Book review: ‘Living on the Edge of the Edge’

Mar 12, 2018 by

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The cover of Living on the Edge of the Edge: Letters to a Younger Colleague shows a dramatic photograph with a deep and beautiful canyon in the background. In the foreground is a cairn mounted on the upper shelf of the cliff. A mound of rough stones built as a memorial or landmark, a cairn is recognizable as a way to mark trails in the wilderness.

"Living on the Edge of the Edge"

“Living on the Edge of the Edge”

Living on the Edge of the Edge is a compelling book of essays written from Ruth Elizabeth Krall to a colleague, reflecting her lifetime of experiencing and studying some of the Mennonite church’s most potent subjects of gender, sexual abuse and leadership. Now in her retirement years, she has a long and distinguished career in psychiatric nursing, feminist studies and theology. She taught for many years at Goshen (Ind.) College and served as director of peace, justice and conflict studies there.

For me and others, Krall is best known for her role in reporting and defining the abusive behavior of theologian John Howard Yoder. As explained by Rachel Waltner Goossen in her article, “Defanging the Beast,” published in the January 2015 Mennonite Quarterly Review, Krall learned of Yoder’s abuse from his victims in her work as a clinical counselor. According to Goossen, Krall was unique in her analysis that Yoder’s behavior could not be isolated from the sexism in the larger church and bold in her attempt to communicate that to a church leader.

In this book, Krall lays out a series of 19 letters, both personal and professional, on a broad array of topics: how to know the truth, roots of sexual violence, personal healing, the meaning of pacifism, pushback from the academic community, and sexual abuse by clergy in other religious practices.

Of particular note is a discussion about the relationship between clergy sex abuse and exclusion of LGBTQ people (issues she describes as poisonous trees in the same forest requiring different remedies), and her pointed definition of “Mennonite phallacy” as the “embedded belief that there is only one narrow way to be a proper Mennonite woman.”

If there is one idea that captures the energy of Krall’s intellectual and spiritual journey, it is her articulation of the tension between the church’s peace witness and the inadequate way abuse in the church is handled. As she explains, “Today the Mennonite Church’s historical anti-war stance is compromised by every insider act of unchallenged sexual abuse and every ignored incident of insider domestic violence against women and their children.”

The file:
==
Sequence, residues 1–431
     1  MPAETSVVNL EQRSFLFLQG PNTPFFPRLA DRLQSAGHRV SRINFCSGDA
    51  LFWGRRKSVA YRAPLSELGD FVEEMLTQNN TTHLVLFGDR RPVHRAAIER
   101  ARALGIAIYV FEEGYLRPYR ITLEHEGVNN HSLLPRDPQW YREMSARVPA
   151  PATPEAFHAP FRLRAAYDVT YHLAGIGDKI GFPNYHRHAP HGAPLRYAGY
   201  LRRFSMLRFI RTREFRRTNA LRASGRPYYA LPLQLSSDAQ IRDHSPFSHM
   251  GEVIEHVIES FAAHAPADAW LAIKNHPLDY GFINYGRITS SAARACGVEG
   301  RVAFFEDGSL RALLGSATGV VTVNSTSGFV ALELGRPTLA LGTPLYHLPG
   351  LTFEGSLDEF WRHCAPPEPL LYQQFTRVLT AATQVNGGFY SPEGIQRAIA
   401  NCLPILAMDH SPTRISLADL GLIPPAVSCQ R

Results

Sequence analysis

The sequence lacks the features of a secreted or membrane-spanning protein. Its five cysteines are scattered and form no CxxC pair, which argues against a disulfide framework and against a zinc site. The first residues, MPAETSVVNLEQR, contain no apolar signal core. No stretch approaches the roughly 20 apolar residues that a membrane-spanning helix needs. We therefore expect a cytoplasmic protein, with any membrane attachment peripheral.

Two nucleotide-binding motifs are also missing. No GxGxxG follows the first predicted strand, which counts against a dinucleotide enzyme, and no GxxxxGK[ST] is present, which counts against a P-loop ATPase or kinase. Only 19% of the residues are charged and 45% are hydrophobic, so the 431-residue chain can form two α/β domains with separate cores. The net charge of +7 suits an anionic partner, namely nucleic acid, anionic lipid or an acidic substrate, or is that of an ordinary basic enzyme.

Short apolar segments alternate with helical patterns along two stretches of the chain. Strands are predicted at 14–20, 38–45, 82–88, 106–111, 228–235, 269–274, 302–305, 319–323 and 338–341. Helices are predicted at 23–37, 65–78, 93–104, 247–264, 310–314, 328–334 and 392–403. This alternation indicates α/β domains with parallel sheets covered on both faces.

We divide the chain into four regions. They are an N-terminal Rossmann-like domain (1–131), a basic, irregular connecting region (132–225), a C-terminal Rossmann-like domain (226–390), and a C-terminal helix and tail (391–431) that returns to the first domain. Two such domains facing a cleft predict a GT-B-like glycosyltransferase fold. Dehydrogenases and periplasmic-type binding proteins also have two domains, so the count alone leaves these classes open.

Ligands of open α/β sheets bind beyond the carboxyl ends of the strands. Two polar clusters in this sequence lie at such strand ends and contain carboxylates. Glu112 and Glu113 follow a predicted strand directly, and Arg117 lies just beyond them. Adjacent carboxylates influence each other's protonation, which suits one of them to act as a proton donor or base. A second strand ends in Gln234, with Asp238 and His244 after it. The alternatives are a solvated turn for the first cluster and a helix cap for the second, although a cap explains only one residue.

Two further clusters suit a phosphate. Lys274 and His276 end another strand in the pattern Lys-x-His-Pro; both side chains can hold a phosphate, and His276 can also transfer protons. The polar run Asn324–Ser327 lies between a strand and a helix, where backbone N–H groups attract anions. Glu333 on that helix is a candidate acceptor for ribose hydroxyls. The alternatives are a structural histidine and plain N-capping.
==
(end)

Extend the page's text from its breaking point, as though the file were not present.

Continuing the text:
Krall’s essays are complemented by the inclusion of two articles by Lisa Schirch, the younger colleague Krall addresses. Schirch, a research professor at the Center for Justice and Peacebuilding at Eastern Mennonite University and the North American research director for the Toda Institute for Global Peace and Policy Research, contributes one piece dealing with the legacy of John Howard Yoder in the church (“Yoder has a place on our bookshelves, but not on a pedestal”) and another calling for “Mennonite Sexual Integrity.”

In one of her letters, Krall admits to distrusting brief information sources when it comes to topics “bone-deep in complexity.” That conviction seems embodied in the book’s length (almost 400 pages in a large format) and the lack of tight and cohesive editing. The writing is conversational but meandering and repetitive. Its academic tone may lend itself to classroom discussions, but I fear access to the book will be limited because it takes so long to navigate.

In recent months, we have seen an unprecedented wave of women’s statements testifying to sexual abuse and harassment and subsequent suspensions and firings. In “A Pastor’s #MeToo Story” (The Christian Century, Dec. 20), Ruth Everhart writes: “The question the church needs to ask itself is really quite simple: Why are women considered less valuable than men? Churches cannot respond effectively to sexual harassment and assault until we know the answer to that question.”

Krall made this same assertion 35 years ago. The Mennonite church is still stumbling to adequately address and respond to reports of abuse and harassment.

As I observe the stories of sexual violence and intimidation reported about prominent journalists, entertainers, pastors, athletes, writers and executives, I am struck with how conspicuous the subsequent “loss” of their voices seems in our everyday lives. But their victims, almost without exception, never had a public voice until now. Almost by definition, those who are victimized have less public stature. Perpetrators pick on people with less power.

To respond with justice and mercy to reports of abuse, we must empathize with individuals outside our everyday lives or comfort zones. Following the way of Christ requires us to pay attention to just such people. Krall’s book can help point the way.

Ardie S. Goering is a Christmas tree farmer and writer living in both central Kansas and Albuquerque, N.M.

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